- The Washington Times - Friday, April 20, 2001

The Federal Trade Commission yesterday levied its first fines against three Internet companies for violating a new law intended to protect the privacy of children and shield them from unscrupulous marketers.
Meanwhile, an independent study indicated that Web sites are collecting less information from children but urged the government agency to continue enforcing the law.
The FTC said the $100,000 total fine, part of a settlement agreement with the Web site operators, were levied two days before the first anniversary of the Children's Online Privacy Protection Act.
An FTC official said most companies appear to be complying with the new privacy law, despite the violations.
"We are heartened by the fact that industry has gone to great lengths to be in compliance," said Lee Peeler, the FTC's associate director of advertising practices.
The FTC charged the operators of Girlslife.com, Bigmailbox.com and Insidetheweb.com with illegally collecting personal information from children younger than 13 years old without getting the consent of parents.
The agency said each Web site collected children's full names, home addresses, phone numbers and e-mail addresses, and charged that the Web sites collected more information than they needed for participation in the activities the children engaged in, also a violation of the new law.
The sites also failed to post privacy policies that comply with the law, the FTC said, and that Bigmailbox.com provided information it collected about children to third parties.
Bigmailbox.com had 547,000 visitors in March and Insidetheweb.com had 545,000 visitors that month, according to Nielsen Net Ratings, which measures traffic to Web sites. Girlslife.com had too few visitors to register on its tracking service.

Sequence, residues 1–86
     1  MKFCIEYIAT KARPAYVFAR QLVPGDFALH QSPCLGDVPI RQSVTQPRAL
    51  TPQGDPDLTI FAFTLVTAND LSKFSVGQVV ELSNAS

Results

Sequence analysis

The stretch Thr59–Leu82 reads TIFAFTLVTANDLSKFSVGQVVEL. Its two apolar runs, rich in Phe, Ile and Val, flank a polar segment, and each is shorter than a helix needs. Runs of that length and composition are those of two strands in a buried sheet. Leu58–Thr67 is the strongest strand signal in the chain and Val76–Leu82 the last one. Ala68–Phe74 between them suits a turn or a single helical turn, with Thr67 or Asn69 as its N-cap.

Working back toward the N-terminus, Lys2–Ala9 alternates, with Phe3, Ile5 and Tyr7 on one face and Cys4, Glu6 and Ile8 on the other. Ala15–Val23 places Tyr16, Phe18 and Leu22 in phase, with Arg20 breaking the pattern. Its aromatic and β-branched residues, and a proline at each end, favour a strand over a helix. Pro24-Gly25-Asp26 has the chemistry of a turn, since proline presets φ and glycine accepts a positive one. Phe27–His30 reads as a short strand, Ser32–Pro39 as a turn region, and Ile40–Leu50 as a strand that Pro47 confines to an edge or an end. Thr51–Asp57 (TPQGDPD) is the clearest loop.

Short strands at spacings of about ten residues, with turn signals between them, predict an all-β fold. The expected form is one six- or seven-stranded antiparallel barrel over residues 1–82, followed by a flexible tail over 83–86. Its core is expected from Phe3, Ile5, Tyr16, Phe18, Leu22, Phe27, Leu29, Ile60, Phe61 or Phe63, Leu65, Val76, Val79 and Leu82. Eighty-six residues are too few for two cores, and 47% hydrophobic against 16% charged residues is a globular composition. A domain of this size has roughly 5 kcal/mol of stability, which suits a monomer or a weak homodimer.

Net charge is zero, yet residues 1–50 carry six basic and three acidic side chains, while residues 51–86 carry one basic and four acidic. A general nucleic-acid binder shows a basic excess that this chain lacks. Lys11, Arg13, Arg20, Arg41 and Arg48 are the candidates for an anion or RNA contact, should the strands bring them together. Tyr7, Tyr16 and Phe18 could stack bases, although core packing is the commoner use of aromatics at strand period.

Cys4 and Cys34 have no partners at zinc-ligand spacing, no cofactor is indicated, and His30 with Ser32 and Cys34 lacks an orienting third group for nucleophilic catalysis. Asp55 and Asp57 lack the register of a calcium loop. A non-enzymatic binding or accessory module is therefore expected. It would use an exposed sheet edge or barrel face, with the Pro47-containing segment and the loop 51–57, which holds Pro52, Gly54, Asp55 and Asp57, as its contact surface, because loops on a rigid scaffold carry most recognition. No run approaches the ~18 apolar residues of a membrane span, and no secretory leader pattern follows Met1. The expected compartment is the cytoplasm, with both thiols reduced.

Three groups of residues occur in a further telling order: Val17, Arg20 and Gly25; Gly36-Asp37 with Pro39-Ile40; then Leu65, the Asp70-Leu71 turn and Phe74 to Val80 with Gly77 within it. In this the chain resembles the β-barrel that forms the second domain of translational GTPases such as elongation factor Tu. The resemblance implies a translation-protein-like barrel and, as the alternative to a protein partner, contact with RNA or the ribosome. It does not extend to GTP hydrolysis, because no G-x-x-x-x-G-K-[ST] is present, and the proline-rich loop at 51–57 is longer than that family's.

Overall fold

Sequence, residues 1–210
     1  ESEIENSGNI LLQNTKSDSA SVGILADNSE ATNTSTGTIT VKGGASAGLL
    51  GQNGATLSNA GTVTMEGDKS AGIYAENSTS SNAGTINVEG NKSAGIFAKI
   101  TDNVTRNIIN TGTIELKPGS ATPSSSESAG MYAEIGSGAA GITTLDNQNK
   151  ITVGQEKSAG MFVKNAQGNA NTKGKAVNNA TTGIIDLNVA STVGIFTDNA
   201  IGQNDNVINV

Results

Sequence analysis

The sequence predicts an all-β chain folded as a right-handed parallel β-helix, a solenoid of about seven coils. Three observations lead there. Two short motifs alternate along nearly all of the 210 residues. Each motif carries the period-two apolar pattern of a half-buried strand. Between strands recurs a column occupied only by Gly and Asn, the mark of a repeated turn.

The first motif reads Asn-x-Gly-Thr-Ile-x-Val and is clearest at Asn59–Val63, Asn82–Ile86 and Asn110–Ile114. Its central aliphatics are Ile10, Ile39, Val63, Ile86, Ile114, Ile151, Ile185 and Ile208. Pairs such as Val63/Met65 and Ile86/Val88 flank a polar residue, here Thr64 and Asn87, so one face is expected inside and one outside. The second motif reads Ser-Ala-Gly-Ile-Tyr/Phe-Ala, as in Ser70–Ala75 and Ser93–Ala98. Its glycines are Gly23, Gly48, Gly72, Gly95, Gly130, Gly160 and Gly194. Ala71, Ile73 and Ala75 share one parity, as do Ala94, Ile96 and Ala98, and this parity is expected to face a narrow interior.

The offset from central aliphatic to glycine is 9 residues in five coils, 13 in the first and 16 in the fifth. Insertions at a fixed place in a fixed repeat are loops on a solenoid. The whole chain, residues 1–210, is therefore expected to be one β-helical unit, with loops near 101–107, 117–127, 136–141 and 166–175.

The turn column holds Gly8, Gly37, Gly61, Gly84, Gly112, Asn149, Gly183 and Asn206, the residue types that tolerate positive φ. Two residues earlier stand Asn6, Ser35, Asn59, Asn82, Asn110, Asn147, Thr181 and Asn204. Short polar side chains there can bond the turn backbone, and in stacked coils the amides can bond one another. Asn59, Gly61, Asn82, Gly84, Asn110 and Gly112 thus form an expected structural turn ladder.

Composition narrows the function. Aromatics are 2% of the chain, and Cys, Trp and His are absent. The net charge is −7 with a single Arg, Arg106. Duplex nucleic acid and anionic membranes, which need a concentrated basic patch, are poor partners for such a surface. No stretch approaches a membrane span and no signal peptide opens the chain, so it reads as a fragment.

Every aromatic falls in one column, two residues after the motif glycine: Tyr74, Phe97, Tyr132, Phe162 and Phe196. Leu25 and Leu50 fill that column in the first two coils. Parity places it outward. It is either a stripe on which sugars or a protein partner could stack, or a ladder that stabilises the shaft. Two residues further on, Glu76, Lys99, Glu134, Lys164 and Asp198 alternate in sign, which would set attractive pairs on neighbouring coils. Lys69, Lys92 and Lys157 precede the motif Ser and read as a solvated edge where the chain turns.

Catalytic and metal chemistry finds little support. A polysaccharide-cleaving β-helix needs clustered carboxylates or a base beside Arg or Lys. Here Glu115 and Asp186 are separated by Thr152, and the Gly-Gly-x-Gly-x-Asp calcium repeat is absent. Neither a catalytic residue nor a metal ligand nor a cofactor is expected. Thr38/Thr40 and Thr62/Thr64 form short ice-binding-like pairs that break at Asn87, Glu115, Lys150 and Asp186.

Yesterday's action by the FTC came on the same day that a report from the District-based Center for Media Education concluded companies are beginning to comply with the Children's Online Privacy Protection Act.
In its survey of 153 Web sites, the center found that 19.8 percent of Web sites are collecting the street addresses of children, compared with 49 percent of sites that did so in 1998. Only 10.7 percent are collecting telephone numbers, compared with 24 percent of sites that collected them three years ago.
"That was the intent to cut down on the amount of data collected," Center for Media Education President Kathryn Montgomery said. "Overall the industry seems to be moving in the right direction."
But there are discouraging signs.
The number of Web sites collecting e-mail addresses of children rose from 96 percent to 99.2 percent, and only 19 of the 153 sites took adequate measures through the use of faxes, mail or telephones to obtain parental consent.
A separate study in March by the Annenberg Public Policy Center at the University of Pennsylvania found that almost half of 162 sites surveyed didn't have prominent links to privacy policies, which outline what data a site collects and how it plans to use the information. The FTC's fair information practices endorse posting privacy policies on Web sites and outlining how information is used.
Fourteen sites had no privacy policy.
"One year after the passage of COPPA, we found more Web sites skirting the COPPA requirements than following them carefully," said Joseph Turow, author of the study and a professor at the Annenberg School for Communication.
Other sites have avoided the trouble and expense of complying with COPPA by kicking children younger than 13 off.
San Francisco-based Web site ECrush.com said it would have cost $25,000 annually to screen for subscribers younger than 13 and obtain parental approval before collecting their personal information.
"We kicked them all off rather than institute a credible verification program," ECrush President Karen DeMars said.
Other Web sites have let children stay online by allowing them to use anonymous user names or nicknames, then asking the children to provide a minimal amount of personal information.
Those sites include Lego.com, Barbie.com and Nickelodeon's Nick.com.

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